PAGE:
The Battle for the Future Direction of the NHS
The people and those that work in the NHS are being treated with contempt. The government has continued to pursue its project which, put simply, is that of making the health service a reservoir of lucrative business projects for the private sector. The STPs have come on the scene, and are couched in technical and deceptive language that appears to put the health of patients in the first place, but have the aim of driving this ambition as far as possible .
For the people’s campaigns, trying to find out the content of the STPs has been like extracting teeth. Initially, the draft STPs were discouraged from being published, Freedom of Information requests were met with blank replies, and enquirers were told that no minutes of the relevant board meetings existed. Given that they are supposed to be so crucial to the people’s health, it is outrageous that the people and health professionals and campaigners have been kept in the dark, have not been party to what is being prepared, and have no input and control over what is being proposed or decided on in their name. Far from the people themselves having a decisive say in the decision-making, the working class and people are being sidelined and left to organise protests against what has been already decided. But they are summing up that what is required is a complete reversal in the direction that Westminster is taking the NHS.
What is being said in some quarters is that it is necessary to be pragmatic about the proposed STPs, get involved in them, slow down their implementation, and make the issue that the problem with the STPs is just the lack of investment in them. But where is the voice of progress, the voice of working people, the voice of those whose life is the health service? What do they have to say about the direction of the NHS?
Long ago the red warning light went on about what is happening to the NHS. Recently, it has even been revealed that Thatcher herself had a mission to completely dismantle the NHS, privatise health care and make health insurance compulsory. Just as the smashing of the power of the miners needed planning, a plan that was 10 or more years in the making, so did the wrecking of the health service. Thatcher first had to deal with the opposition within her own Cabinet, and time was running out. But the neo-liberal conception of the purchaser/provider split within the health service was planted at this time.
This purchaser/provider split, this “internal market” in the health service, has grown to gargantuan proportions. It was consolidated under the Blair “New Labour” government, a government which itself introduced PFI, the Private Finance Initiative, to put hospital trusts massively in debt to the construction and other monopolies. Hospital trusts themselves have taken on the mantle of businesses, particularly the Foundation Trusts to which all hospitals are supposed to aspire. Presently they are being encouraged to “merge”, take over so-called “failing” hospitals, set up hospital “chains” and so on. The fact is, however, that the “market” is rigged. “Payment by results” does not result in providing hospital trusts with the funding required to meet the needs of society for health care. What one notices is the increasing absence of any public authority and real planning for a comprehensive and sustainable health service now replaced by competing “public” and ever more private corporations for “health contracts”.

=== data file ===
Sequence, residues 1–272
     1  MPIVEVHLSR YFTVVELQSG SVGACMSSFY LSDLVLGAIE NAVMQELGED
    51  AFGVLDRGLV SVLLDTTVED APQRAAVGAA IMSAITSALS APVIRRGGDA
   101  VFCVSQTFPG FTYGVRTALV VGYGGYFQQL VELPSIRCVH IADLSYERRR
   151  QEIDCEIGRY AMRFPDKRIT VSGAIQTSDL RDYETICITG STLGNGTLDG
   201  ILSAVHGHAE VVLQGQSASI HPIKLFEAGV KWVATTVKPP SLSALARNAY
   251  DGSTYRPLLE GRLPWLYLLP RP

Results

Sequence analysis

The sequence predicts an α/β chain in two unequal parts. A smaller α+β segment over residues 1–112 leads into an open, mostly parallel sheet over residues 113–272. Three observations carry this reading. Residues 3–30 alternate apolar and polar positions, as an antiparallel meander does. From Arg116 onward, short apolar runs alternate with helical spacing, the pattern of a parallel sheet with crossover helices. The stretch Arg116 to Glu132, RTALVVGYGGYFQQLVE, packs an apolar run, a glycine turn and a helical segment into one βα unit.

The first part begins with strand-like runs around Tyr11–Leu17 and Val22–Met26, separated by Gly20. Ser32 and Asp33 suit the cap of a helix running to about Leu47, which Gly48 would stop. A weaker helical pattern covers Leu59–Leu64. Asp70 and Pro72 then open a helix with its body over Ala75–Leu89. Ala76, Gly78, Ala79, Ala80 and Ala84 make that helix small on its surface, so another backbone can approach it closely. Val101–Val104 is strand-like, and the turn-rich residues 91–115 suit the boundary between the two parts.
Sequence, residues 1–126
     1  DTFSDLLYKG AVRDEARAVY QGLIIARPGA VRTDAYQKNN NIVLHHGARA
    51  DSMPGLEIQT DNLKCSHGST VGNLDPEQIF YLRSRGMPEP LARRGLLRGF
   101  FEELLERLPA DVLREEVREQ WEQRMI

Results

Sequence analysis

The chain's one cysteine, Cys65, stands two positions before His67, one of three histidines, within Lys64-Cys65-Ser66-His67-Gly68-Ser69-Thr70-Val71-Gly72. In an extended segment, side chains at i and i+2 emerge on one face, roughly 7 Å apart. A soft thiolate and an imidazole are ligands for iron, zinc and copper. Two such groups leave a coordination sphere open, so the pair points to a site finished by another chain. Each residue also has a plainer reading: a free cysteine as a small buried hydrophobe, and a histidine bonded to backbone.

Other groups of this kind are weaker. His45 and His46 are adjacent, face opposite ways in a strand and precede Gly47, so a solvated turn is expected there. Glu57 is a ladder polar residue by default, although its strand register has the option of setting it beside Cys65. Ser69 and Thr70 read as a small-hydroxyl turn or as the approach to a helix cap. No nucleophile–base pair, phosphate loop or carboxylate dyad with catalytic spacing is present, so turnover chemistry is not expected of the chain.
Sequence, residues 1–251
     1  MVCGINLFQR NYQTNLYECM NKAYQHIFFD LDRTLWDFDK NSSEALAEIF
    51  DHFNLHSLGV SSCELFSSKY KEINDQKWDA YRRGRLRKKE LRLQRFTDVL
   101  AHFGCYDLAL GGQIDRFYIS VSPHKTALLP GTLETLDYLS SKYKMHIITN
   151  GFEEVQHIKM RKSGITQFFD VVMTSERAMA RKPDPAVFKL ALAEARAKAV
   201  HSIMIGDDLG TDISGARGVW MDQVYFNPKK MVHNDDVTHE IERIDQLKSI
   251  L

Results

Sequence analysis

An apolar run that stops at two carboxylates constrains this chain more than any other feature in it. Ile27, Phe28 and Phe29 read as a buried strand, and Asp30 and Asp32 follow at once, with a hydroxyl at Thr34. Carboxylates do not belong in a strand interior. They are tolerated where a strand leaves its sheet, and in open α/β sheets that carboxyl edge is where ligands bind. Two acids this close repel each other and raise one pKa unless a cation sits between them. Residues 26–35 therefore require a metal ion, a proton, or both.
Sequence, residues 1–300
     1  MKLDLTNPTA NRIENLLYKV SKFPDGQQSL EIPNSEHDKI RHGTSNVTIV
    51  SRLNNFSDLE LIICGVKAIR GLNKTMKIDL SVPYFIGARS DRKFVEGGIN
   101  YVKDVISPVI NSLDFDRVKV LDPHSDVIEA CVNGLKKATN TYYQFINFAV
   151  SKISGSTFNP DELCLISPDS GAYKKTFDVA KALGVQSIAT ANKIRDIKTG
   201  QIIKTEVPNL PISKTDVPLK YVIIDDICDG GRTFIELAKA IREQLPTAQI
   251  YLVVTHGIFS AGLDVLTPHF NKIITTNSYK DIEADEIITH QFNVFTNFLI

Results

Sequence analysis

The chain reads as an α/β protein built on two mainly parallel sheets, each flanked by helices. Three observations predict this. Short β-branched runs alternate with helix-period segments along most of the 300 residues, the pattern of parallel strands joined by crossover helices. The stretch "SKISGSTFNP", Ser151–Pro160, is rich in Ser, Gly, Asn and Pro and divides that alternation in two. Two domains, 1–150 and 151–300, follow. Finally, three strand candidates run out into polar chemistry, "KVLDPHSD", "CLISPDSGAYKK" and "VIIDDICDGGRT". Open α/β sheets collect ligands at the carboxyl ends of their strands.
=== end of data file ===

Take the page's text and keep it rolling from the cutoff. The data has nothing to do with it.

When a Trust Special Administrator was appointed in south London when the Queen Elizabeth Hospital was in so-called financial difficulties, largely because of crippling PFI debts, the TSA arbitrarily lumped the Queen Elizabeth together with Lewisham Hospital. Closures were mooted at Lewisham A&E and Maternity services to resolve these “difficulties”. The Save Lewisham Hospital Campaign took on the Health Secretary, holding a People’s Commission, and winning victory in a Judicial Review of the decision, that the Health Secretary had acted beyond his legal powers. So of course the government changed the law, and furthermore absolved the Health Secretary of responsibility for the NHS as a whole as a result of this and the Health and Social Care Act, 2012.
The STPs can be considered as the situation at Lewisham writ large across England, with 44 of these regional plans, known as “footprints”. These ad hoc, non-statutory and unaccountable regions themselves have to come up with plans to make the provision of health care “sustainable”, to “transform” the provision of health care to make it “financially viable” in the face of a projected cut to the annual budget of the NHS of £22-30 billion a year by 2020/21. What we have seen as these plans are revealed is the obfuscating jargon and statistics. They are couched in terms of the well-being of the people, the “path to excellence” and so forth. In other words the wrecking of the NHS in England is proceeding under the cloak of high ideals. It must not pass!